Long Island by Bicycle, January 2009

Long Island by Bicycle, January 2009

Langworth, Birtzen, McCardy leaving "Island Link" to bicycle Long Island.
Lang­worth, Birtzen, McCardy leav­ing "Island Link" to bicy­cle Long Island.

Most peo­ple trav­el to and from my home island of Eleuthera via Nas­sau or Flori­da. Neigh­bour­ing islands on the Bahamas “out­er banks”—Cat Island and Long Island—seem to fall under the old adage: “You can’t get there from here.” Actu­al­ly you can—with an expen­sive char­ter flight or boat—but it’s sim­pler to go via Nassau.

Thus three mem­bers of the “Eleuthera Long Rid­ers” bicy­cle club, John Birzten of Governor’s Har­bour, Arring­ton McCardy from Hatch­et Bay, and this writer from Rain­bow Bay—arrived to cycle Long Island on Jan­u­ary 21st-23rd.

Trav­el­ing “tra­di­tion­al,” we used most­ly mail­boats. The Cur­rent Pride is a micro­cosm of the old Bahamas, laden with pro­duce (this real­ly is a “banana boat”) and Eleuther­ans head­ing for the big city. You can’t pay for the enter­tain­ment you get free. One gent spent the entire voy­age singing and shuck­ing peas; anoth­er trolled part of the way and hooked a giant bar­racu­da which flopped around on the deck and scared some of us passengers.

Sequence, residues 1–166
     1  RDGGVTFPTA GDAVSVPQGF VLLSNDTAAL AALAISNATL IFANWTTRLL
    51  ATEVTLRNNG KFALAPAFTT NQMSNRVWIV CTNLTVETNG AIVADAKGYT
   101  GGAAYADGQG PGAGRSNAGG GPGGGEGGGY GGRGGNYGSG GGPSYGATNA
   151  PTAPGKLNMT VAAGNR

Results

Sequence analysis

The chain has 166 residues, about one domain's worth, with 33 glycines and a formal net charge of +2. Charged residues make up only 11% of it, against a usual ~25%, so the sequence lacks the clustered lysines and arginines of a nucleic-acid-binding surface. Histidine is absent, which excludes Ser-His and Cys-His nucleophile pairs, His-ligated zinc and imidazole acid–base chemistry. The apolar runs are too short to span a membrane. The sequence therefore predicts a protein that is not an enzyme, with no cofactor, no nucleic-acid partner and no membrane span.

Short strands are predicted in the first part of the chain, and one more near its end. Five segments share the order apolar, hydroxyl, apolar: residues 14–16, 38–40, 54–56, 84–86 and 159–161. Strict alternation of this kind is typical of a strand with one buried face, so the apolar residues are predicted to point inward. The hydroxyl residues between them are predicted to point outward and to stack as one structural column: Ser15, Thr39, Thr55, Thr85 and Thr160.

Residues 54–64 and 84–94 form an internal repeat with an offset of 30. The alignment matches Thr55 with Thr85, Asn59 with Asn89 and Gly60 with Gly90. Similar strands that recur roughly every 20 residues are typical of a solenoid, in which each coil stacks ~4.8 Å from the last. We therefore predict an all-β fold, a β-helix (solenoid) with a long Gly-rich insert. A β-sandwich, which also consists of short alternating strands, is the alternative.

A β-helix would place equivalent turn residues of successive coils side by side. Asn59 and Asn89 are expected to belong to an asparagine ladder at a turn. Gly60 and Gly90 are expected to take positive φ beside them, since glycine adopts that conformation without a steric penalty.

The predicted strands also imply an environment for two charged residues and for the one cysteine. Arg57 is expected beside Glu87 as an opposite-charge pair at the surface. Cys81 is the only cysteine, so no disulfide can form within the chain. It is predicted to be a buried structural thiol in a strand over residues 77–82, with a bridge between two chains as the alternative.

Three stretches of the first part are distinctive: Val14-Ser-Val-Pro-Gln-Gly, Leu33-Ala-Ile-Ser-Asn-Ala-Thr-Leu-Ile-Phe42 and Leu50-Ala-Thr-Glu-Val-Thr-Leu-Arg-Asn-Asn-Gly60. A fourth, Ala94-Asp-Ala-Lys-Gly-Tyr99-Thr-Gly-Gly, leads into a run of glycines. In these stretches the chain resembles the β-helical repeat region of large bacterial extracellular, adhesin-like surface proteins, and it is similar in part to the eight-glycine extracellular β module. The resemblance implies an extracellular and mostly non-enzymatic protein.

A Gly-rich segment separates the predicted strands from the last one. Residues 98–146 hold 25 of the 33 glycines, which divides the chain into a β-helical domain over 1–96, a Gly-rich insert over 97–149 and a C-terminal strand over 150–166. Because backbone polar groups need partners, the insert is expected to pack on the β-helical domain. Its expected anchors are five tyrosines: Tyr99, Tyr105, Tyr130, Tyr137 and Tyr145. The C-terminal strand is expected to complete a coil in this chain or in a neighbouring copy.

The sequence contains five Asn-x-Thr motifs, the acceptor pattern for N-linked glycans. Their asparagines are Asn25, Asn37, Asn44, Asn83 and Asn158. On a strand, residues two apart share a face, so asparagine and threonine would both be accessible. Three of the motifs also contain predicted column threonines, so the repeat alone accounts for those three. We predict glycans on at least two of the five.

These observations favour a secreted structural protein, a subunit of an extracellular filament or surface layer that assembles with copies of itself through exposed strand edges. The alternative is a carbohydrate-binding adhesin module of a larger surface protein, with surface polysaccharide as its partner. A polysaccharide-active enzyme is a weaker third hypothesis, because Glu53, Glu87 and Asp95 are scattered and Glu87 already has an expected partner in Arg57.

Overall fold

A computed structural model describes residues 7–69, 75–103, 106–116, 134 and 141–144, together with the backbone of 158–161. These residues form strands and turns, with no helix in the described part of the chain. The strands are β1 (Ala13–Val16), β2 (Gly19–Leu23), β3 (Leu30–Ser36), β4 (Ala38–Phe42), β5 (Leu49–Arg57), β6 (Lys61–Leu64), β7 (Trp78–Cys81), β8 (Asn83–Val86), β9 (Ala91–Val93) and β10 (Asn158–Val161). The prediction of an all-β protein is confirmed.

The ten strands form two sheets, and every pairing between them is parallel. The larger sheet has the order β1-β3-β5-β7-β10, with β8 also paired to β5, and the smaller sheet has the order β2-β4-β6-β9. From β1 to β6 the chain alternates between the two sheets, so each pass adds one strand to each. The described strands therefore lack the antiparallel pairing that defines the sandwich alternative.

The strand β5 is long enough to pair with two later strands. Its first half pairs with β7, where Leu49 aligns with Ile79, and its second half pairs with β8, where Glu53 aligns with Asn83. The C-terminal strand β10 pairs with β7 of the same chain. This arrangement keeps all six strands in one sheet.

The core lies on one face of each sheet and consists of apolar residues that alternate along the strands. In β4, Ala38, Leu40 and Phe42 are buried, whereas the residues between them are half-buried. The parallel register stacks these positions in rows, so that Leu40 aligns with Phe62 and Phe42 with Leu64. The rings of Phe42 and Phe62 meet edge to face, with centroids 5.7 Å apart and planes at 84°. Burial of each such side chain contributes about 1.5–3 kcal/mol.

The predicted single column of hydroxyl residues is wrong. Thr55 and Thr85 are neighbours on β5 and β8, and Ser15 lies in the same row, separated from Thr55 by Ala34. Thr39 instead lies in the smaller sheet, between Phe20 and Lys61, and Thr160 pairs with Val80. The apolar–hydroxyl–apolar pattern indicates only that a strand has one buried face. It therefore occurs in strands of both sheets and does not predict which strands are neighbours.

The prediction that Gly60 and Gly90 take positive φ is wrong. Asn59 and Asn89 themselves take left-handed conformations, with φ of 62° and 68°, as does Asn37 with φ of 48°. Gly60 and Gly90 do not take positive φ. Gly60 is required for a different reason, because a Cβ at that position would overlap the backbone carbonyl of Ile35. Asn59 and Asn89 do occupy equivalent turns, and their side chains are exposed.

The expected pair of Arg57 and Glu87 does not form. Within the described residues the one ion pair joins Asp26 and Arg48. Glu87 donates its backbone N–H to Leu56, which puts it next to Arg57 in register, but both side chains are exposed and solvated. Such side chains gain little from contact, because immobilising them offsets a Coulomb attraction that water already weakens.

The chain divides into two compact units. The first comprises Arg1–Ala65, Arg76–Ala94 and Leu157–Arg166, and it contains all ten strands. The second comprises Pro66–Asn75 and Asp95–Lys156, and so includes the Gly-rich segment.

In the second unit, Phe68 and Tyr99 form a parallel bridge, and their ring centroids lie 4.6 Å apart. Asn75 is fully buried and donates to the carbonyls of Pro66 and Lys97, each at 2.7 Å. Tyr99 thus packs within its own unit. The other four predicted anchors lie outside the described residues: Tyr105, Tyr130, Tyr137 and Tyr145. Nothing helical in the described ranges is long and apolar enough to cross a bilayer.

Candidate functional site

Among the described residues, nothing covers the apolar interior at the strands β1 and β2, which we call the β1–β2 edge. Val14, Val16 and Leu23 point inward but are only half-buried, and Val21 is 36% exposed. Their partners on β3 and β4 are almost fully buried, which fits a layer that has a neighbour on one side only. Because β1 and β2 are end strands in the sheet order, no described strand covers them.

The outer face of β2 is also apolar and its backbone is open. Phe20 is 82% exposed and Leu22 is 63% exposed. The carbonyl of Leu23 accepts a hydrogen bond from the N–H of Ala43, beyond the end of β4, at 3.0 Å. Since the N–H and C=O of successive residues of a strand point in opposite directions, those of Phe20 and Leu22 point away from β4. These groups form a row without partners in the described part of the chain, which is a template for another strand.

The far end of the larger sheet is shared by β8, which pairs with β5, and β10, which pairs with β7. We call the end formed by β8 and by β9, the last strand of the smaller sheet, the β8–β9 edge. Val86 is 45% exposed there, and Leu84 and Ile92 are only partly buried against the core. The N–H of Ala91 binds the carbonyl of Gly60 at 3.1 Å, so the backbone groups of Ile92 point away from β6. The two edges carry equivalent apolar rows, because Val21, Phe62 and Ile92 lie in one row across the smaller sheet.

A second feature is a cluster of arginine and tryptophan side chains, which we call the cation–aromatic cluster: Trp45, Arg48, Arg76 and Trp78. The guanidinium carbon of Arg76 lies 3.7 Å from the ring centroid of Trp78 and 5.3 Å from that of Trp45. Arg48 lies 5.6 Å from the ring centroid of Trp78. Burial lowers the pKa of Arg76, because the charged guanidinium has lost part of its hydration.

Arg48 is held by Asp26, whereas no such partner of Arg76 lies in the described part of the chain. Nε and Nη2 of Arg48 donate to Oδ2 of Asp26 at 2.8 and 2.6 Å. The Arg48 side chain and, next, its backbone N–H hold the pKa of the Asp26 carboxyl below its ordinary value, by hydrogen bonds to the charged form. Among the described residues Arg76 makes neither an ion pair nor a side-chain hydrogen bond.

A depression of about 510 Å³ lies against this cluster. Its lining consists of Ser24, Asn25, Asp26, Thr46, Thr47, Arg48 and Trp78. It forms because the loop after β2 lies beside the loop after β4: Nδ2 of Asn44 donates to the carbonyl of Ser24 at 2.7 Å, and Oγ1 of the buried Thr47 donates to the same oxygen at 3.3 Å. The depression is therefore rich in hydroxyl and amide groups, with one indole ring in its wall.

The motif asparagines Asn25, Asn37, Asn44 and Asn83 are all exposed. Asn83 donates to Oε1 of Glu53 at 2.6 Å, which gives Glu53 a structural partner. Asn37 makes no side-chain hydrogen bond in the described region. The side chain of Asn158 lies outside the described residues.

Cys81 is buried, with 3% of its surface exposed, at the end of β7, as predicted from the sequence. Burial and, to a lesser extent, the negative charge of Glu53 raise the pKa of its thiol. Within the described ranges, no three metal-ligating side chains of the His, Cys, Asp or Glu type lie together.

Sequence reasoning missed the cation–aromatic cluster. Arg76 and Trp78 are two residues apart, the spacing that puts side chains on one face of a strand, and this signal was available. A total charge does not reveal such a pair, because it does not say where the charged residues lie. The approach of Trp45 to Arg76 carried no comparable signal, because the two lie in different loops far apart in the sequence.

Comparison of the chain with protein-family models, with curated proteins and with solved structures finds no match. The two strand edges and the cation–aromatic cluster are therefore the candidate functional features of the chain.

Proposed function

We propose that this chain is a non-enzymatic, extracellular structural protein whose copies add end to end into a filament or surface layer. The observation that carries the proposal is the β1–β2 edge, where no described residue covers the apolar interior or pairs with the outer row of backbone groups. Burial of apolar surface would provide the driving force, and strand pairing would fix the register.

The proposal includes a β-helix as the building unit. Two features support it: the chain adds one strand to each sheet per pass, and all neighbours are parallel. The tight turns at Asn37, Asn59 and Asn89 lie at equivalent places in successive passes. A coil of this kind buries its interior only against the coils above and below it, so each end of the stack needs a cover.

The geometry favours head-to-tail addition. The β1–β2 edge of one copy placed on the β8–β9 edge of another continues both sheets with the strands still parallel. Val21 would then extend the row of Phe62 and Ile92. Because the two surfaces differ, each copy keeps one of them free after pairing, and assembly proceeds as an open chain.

The stur­dy, wood-hulled Cur­rent Pride shook off high seas and cov­ered 52 miles in four hours—and cost only $30, includ­ing cof­fee, sand­wich­es and soft drinks. From Nas­sau we board­ed Island Link, which also ser­vices Hatch­et Bay, Eleuthera—a mod­ern, Aus­tralian-built fer­ry which makes the overnight run from Nas­sau to Long Island in 16 hours for $80. Fare includes com­fort­able bunks and a hot break­fast as you are pulling into Salt Pond, halfway down Long Island’s Caribbean coast.